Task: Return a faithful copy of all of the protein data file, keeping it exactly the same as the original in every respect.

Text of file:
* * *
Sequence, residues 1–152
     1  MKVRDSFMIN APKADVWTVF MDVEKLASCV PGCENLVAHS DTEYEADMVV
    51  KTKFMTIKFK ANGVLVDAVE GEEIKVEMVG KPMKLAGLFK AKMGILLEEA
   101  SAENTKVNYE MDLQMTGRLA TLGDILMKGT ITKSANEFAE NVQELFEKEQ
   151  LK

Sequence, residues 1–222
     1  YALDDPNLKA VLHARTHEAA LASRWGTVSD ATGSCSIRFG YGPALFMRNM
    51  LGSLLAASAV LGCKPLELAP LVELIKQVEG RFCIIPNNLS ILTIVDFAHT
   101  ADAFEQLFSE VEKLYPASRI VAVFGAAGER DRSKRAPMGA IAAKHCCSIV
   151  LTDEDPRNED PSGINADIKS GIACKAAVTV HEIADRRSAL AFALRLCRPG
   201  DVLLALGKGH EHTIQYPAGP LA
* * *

Sequence, residues 1–152
     1  MKVRDSFMIN APKADVWTVF MDVEKLASCV PGCENLVAHS DTEYEADMVV
    51  KTKFMTIKFK ANGVLVDAVE GEEIKVEMVG KPMKLAGLFK AKMGILLEEA
   101  SAENTKVNYE MDLQMTGRLA TLGDILMKGT ITKSANEFAE NVQELFEKEQ
   151  LK

Sequence, residues 1–222
     1  YALDDPNLKA VLHARTHEAA LASRWGTVSD ATGSCSIRFG YGPALFMRNM
    51  LGSLLAASAV LGCKPLELAP LVELIKQVEG RFCIIPNNLS ILTIVDFAHT
   101  ADAFEQLFSE VEKLYPASRI VAVFGAAGER DRSKRAPMGA IAAKHCCSIV
   151  LTDEDPRNED PSGINADIKS GIACKAAVTV HEIADRRSAL AFALRLCRPG
   201  DVLLALGKGH EHTIQYPAGP LA